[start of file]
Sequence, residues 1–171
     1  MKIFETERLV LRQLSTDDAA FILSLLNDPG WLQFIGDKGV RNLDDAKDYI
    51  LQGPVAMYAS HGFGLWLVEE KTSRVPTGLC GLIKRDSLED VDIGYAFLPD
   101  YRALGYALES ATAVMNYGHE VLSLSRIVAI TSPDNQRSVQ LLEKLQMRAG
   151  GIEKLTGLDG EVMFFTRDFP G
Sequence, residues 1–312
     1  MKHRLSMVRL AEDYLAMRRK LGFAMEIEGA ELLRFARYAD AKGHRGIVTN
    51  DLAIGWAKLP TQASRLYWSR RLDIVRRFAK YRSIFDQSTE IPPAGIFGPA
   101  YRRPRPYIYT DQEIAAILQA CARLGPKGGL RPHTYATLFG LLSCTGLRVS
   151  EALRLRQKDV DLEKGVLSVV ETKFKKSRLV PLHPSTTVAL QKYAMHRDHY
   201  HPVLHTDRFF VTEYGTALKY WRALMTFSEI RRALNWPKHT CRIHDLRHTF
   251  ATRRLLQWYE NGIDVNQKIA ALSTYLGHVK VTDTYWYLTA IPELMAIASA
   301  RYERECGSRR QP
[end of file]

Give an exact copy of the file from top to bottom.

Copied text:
Sequence, residues 1–171
     1  MKIFETERLV LRQLSTDDAA FILSLLNDPG WLQFIGDKGV RNLDDAKDYI
    51  LQGPVAMYAS HGFGLWLVEE KTSRVPTGLC GLIKRDSLED VDIGYAFLPD
   101  YRALGYALES ATAVMNYGHE VLSLSRIVAI TSPDNQRSVQ LLEKLQMRAG
   151  GIEKLTGLDG EVMFFTRDFP G
Sequence, residues 1–312
     1  MKHRLSMVRL AEDYLAMRRK LGFAMEIEGA ELLRFARYAD AKGHRGIVTN
    51  DLAIGWAKLP TQASRLYWSR RLDIVRRFAK YRSIFDQSTE IPPAGIFGPA
   101  YRRPRPYIYT DQEIAAILQA CARLGPKGGL RPHTYATLFG LLSCTGLRVS
   151  EALRLRQKDV DLEKGVLSVV ETKFKKSRLV PLHPSTTVAL QKYAMHRDHY
   201  HPVLHTDRFF VTEYGTALKY WRALMTFSEI RRALNWPKHT CRIHDLRHTF
   251  ATRRLLQWYE NGIDVNQKIA ALSTYLGHVK VTDTYWYLTA IPELMAIASA
   301  RYERECGSRR QP